This list is ranked by which contracts hurt their team the most as of today — the most painful contracts are those on a team that are on the cusp of winning, or are wasting the prime of a superstar player. Therefore, someone like Drew Doughty, who has a horrid contract for the Kings, will not be making the list, as the Kings are amid a rebuild and are not really hurt by his bad contract right now.
Honorable mentions: Carey Price of the Montréal Canadiens and Sergei Bobrovsky of the Florida Panthers, two goaltenders signed to long-term deals that pay them $10 million per season. Both are playing like the second-best goalie on their respective teams right now… ouch.
*Cap hit is the average annual value of a contract and the amount that counts towards the salary cap each year. It is the best way to measure a contract because it shows how much could be spent on other needs, per season.
5. Suter and Parise — When the Minnesota Wild landed both forward Zach Parise and defensemen Ryan Suter in the offseason of 2012, the hockey world pinned the Wild as sure contenders. They signed identical deals for thirteen years, $98 million, which will continue to haunt this team until 2025. Their combined cap hit is over $15 million each year. This team could be a Stanley Cup threat if they had put that money toward more depth and goaltending.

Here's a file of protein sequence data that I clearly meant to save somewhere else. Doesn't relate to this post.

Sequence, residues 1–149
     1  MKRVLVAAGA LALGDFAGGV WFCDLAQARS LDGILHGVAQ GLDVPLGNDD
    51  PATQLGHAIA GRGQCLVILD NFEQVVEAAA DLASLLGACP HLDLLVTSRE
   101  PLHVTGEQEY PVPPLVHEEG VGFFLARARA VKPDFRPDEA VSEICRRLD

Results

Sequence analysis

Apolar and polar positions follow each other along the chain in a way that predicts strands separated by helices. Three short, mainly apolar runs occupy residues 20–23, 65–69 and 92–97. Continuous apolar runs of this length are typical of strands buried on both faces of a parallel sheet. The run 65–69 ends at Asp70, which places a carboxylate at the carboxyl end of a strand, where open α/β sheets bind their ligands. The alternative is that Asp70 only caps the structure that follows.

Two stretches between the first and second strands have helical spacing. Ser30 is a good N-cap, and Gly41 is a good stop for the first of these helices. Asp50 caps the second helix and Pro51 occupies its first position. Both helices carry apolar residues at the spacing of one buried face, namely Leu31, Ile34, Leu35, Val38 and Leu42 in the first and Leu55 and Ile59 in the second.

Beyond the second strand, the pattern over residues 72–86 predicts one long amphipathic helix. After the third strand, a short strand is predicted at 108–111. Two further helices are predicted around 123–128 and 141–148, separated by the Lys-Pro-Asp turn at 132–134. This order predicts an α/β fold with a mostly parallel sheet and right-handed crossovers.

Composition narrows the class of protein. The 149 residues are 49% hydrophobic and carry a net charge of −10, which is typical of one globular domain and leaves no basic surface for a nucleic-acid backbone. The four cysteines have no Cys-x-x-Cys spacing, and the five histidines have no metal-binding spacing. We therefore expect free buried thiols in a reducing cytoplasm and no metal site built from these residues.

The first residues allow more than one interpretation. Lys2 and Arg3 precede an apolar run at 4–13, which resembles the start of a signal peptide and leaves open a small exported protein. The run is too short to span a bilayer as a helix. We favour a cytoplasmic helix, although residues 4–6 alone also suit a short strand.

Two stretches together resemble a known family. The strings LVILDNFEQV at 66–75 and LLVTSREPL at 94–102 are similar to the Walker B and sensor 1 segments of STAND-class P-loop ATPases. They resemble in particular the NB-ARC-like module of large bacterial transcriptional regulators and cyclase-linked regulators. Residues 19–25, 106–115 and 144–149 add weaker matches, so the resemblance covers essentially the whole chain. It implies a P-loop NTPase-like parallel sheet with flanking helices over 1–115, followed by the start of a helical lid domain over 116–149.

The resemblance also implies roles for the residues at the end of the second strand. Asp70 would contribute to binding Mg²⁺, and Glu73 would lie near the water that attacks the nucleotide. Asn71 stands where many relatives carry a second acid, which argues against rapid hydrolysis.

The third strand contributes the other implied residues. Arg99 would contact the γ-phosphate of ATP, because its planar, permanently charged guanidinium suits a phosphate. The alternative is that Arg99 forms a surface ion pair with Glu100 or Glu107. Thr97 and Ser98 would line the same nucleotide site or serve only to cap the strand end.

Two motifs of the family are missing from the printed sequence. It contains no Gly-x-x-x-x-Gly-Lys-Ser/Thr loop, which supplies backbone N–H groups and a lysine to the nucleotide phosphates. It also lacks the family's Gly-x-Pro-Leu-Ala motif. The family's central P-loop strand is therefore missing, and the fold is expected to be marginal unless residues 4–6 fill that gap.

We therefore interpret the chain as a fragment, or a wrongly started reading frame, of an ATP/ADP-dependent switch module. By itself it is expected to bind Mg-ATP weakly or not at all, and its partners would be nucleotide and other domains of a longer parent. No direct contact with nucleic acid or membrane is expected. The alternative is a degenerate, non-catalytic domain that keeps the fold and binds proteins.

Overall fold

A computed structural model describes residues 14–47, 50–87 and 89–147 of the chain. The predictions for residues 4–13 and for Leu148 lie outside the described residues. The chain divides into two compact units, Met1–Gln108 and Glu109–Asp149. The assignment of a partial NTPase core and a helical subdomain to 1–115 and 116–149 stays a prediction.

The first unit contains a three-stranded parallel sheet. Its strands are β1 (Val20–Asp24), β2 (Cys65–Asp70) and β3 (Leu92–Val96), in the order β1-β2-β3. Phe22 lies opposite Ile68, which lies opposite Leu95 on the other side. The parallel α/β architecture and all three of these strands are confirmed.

4. Kyle Okposo — Sabres forward Kyle Okposo has three years left on his deal that has a $6 million cap hit. Okposo has played in fourteen games this season and has a total of one point to show for it. Unfortunately, Buffalo has not seen its last player on this list.
3. Loui Eriksson — Vancouver Canucks forward Eriksson has a $6 million cap hit through the end of next season. With three young stars in defenseman Quinn Hughes and forwards Brock Boeser and Elias Petterson, the Canucks should be contenders for years to come; they got within one game of the Western Conference Final last year. Eriksson’s $6 million cap hit, however, made it impossible for the Canucks to afford to retain the likes of defensemen Chris Tanev and goaltender Jacob Markstrom, two keys to their success last year. Oh, and Eriksson has just one point on the year and has been scratched more than he has played. The damage of this deal is immeasurable for the Canucks future.
2. Andrew Ladd — New York Islanders forward Andrew Ladd has three years left on a deal that has an annual cap hit of $5.5 million. The Islanders are running out of time to win their elusive fifth Stanley Cup. They have an aging core and could desperately use some of Ladd’s money on other ventures. Similar to Vancouver, they lost a great player in defensemen Devon Toews because they couldn’t afford to pay him. Meanwhile, Ladd is so washed that he can’t even make the roster.
1. Jeff Skinner — If you want to hear me rant about this situation, you can see last week’s article. The bottom line is that Jeff Skinner is a $9 million cap hit for the next seven years in Buffalo. By my estimation, that just about covers all of forward Jack Eichel’s prime. Skinner has one point in sixteen games this season.
Peter’s Power Rankings: The Top 10 Teams Right Now.
Last week’s ranking in parentheses.
- Tampa Bay Lightning (4)
- Toronto Maple Leafs (1)
- Vegas Golden Knights (6)
- Carolina Hurricanes (2)
- Minnesota Wild (not ranked)
- Colorado Avalanche (5)
- Winnipeg Jets (8)
- Florida Panthers (7)
- Philadelphia Flyers (10)
- Boston Bruins (3)
What to watch this week…
Washington Capitals at Boston Bruins: Wednesday, March 3 at 4 p.m. PST.
Minnesota Wild at Vegas Golden Knights: Wednesday, March 3 at 7 p.m. PST.